Check out this recent interview I did with Jack and Dom. Their insight at such a young age is inspirational. Learn it, live it, love it:
When They Were Busy Being Born, I Was Making My First Million
That’s so weird — but I love it.
I’m so proud of these guys. Not just for the money they’ve made, but for the incredible focus and dedication they’ve put into the process. They all talked about spending hours immersed in studying. And each of them had to learn to lose well before they became consistent.
Trading Students: The Challenge
All three of these guys are members of the Trading Challenge. All three talked about the importance of the community, of networking with other traders, and soaking up EVERY SINGLE DVD … VIDEO LESSON … AND WEBINAR!
They didn’t try to cut corners. They all got where they are by working their asses off. When you make the decision right now to join the Trading Challenge, you’re one step closer. If you’re accepted, you’ll get access to EVERYTHING Dom, Jack, and Kyle used to become self-sufficient. Plus, you’ll see them in the Challenge chat room every day.
You want this? Go for it. Even if you’re too young to know “A Night at the Roxbury.”
What TISummit Attendees and Students Are Saying
More from TISummit attendees and students:
From @SublimeTrades (another up and coming badass trader):
Round table session with some great traders at the #TIsummit2019 @RolandWolf86 @Dom_Mastro10 @thehonestcroock @goodetrades @timothysykes @Jackaroo_Trades @traderkylec @MikeHuddie pic.twitter.com/dqoI6kB5hc
— John Papa (@SublimeTrades) September 22, 2019
The wealth of knowledge being imparted on us all.
— NeilSaintJean (@NeilSaintJean1) September 30, 2018
Or this from @RouxBourbon:
There are so so many #OTC plays right now. #SPY may be down but penny stocks are hot! #CVSI #WCVC #CLSI #SPNV #UNRG #GTXO Thank you @timothysykes @traderkylec @Jackaroo_Trades @Dom_Mastro10 @MikeHuddie for telling me at the #TISummit to change my focus! pic.twitter.com/dV4Ql3nSOM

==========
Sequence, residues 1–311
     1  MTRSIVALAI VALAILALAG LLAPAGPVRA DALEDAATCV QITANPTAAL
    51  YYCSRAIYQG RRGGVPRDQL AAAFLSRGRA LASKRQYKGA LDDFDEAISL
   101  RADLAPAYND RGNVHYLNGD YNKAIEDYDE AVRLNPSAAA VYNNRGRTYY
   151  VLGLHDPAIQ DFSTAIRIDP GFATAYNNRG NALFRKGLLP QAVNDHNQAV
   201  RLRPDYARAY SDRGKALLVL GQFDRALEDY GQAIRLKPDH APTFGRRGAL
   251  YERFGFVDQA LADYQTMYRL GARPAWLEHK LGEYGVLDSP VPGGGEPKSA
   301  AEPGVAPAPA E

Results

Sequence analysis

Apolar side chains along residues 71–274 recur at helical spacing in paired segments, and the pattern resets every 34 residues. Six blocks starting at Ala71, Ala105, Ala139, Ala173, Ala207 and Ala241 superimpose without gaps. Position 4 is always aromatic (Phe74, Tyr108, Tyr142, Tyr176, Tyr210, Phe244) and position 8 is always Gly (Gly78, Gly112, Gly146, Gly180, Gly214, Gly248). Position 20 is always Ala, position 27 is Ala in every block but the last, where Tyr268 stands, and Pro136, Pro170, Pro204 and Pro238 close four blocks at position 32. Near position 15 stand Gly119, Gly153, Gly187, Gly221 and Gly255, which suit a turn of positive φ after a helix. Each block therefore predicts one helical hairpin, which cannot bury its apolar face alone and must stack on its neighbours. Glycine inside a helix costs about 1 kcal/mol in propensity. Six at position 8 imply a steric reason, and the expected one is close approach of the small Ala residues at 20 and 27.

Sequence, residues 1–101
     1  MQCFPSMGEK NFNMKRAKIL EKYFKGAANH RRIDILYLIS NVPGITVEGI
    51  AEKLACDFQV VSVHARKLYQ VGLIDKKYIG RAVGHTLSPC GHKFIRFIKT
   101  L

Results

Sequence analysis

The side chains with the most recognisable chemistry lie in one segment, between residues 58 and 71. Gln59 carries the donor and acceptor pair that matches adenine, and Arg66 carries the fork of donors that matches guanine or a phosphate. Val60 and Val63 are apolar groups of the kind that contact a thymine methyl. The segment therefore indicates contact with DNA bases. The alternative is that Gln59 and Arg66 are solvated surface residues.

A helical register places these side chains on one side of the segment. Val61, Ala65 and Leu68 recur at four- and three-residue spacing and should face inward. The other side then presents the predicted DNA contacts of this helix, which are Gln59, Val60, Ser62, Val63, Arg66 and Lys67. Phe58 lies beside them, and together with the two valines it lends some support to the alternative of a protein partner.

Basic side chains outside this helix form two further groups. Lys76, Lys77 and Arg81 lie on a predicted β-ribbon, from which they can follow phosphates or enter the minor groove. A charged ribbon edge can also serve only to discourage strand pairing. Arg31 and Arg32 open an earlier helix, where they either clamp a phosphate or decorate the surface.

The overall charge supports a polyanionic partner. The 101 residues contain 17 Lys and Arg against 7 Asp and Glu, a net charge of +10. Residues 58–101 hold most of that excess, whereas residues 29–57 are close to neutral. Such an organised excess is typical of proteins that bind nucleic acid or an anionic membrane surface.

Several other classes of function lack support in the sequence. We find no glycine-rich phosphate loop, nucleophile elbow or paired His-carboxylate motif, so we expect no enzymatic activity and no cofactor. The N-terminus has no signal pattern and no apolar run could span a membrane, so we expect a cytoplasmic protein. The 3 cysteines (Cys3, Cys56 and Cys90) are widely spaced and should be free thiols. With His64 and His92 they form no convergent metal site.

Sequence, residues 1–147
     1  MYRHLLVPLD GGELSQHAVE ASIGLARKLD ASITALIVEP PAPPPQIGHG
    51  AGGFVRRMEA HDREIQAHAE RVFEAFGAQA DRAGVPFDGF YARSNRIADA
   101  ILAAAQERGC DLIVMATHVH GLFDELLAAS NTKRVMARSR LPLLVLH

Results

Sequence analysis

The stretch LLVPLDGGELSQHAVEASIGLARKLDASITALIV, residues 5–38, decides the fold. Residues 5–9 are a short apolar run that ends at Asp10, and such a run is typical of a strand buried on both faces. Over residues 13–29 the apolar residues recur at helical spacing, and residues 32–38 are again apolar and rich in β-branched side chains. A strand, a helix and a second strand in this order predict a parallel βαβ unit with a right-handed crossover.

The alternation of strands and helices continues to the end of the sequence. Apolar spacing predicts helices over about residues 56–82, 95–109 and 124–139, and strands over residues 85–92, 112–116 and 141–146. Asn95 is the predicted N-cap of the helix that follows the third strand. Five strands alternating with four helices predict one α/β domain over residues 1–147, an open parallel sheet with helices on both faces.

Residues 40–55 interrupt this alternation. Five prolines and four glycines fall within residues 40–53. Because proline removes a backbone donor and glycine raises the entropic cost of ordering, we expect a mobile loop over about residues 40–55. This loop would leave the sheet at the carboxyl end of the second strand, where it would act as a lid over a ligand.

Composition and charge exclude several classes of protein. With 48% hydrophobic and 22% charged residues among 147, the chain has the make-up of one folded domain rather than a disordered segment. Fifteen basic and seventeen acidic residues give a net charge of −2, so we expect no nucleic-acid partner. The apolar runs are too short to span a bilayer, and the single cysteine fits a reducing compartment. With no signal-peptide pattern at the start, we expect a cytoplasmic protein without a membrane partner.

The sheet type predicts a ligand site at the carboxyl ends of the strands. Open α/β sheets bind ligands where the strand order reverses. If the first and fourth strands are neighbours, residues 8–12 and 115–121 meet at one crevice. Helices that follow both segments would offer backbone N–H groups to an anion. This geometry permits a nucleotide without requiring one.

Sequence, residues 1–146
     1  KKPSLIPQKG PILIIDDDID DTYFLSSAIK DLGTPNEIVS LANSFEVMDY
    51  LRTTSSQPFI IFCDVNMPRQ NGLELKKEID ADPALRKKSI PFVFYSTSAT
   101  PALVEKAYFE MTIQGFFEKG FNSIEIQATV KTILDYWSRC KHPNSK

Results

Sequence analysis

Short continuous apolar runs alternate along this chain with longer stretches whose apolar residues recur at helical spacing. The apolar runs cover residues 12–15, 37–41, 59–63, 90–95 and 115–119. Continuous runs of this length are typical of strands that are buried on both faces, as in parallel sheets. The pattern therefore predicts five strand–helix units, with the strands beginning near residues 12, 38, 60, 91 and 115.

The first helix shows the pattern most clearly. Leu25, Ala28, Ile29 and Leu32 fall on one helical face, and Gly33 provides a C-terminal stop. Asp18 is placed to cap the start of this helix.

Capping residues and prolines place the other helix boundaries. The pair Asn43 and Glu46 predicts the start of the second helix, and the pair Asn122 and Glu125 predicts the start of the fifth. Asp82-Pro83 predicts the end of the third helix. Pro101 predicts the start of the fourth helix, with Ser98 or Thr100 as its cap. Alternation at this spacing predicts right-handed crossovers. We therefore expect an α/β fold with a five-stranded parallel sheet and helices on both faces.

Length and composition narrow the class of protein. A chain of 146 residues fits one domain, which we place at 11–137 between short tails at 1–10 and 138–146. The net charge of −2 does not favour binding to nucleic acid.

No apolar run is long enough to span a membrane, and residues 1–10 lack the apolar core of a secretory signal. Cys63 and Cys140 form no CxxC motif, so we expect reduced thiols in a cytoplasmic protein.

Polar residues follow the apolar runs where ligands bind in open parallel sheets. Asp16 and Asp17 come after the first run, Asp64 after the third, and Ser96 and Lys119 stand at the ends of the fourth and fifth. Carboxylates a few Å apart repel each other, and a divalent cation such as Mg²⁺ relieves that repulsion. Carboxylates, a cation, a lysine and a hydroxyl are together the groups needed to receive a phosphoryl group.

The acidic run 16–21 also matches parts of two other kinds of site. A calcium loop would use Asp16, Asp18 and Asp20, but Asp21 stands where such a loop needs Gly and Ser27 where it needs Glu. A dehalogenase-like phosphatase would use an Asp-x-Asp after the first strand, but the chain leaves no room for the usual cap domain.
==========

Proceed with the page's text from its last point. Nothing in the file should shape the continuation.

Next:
— Jonathan Peck (@RouxBourbon) October 3, 2019
And this tweet yesterday from @TraderTrav81:
— Travis Smith (@TraderTrav81) October 7, 2019
Recent Comments From the Trading Challenge Chat Room
Crypto_M → timothysykes: “I joined the challenge the day after the conference. I studied the first 2 dvds last week. This week I have been studying and watching the markets on TOS all this week. I was BLOWN away at how fast things move. I played college football and understand the speed difference from high school to college and then to the pro’s. I am excited to study more to get my mind right for the speed of this PRO market. Thanks for cataloging your trading for guys like me to learn.”
Just to show how hard Crypto_M is working … check this out:
Crypto_M → timothysykes: “I know that some of you will think this doesn’t matter but I have only been in the challenge for 2 weeks and have studied about 10 dvds. Today was my first paper trade. I took 1000 of $TTNP at .41 when it broke the HOD. My RR was.03 and Return .08. Needless to say the trade worked out just as Tim teaches. In at .41 out at .48”
Crypto_M, it does matter. Keep studying and practicing. And remember, it’s a marathon and not a sprint.
How about this recent win from Kyle…
Kylecw2: “all covered $CVSI for $800 not enough range.”
More Challenge Chat Room Comments
the_tipsy_nomad: “Quick 5% gain on $SPNV for $300 profit. Not bad for a 10min hold. Not getting greedy, taking my single for the day.”
somsakun555: “Yeh!! sold $SPNV almost 20% gain from dip buying, 0.38 to 0.448. Give me some more hope of a day trader career after many losses. Thank you everybody for all your guidance.”
jvjtrading: “sold .47 $TTNP from .37. 25% win. to bad it was only partial fill.”
SatelliteIncomeUnlimited: “$ADXS 217.00 profit.. sold at the break out, bought around .388 sold in to .4099.”
scottsaylor11: “Very nice on $clsi. I couldn’t help but lock it all in .077 from .0675. +240.”
Plus This Awesome Comment From the TimAlerts Chat Room
vnickn: “$SRNE short at 2.77, covered 1.87… good thing I decided to check my E*TRADE app at a red light. Had to pull over to close that trade… +2700.”
What’s your take on Jack, Kyle, and Dom’s success? What inspiration can you get from their stories to help you become a better trader? Comment below, I love to hear from all my readers!
The post Meet My Newest Six-Figure Trading Students (They’re SO Young…) appeared first on Timothy Sykes.
Is Canopy Growth (TSX:WEED) Stock a Contrarian Buy at $20?
What’s going on?
Canada’s largest marijuana company just reported disappointing results for its most recent quarter ended September 30, 2019. Canopy Growth lost $374 million for the quarter, representing a 13% increase in losses compared to the same period last year. Management says the hit is mainly due to rising operating costs.